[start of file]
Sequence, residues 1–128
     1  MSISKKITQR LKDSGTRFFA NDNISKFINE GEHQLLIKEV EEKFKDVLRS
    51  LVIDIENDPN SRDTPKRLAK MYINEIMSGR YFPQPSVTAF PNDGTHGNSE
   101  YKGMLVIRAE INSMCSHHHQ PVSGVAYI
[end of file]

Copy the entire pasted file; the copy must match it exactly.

Sequence, residues 1–128
     1  MSISKKITQR LKDSGTRFFA NDNISKFINE GEHQLLIKEV EEKFKDVLRS
    51  LVIDIENDPN SRDTPKRLAK MYINEIMSGR YFPQPSVTAF PNDGTHGNSE
   101  YKGMLVIRAE INSMCSHHHQ PVSGVAYI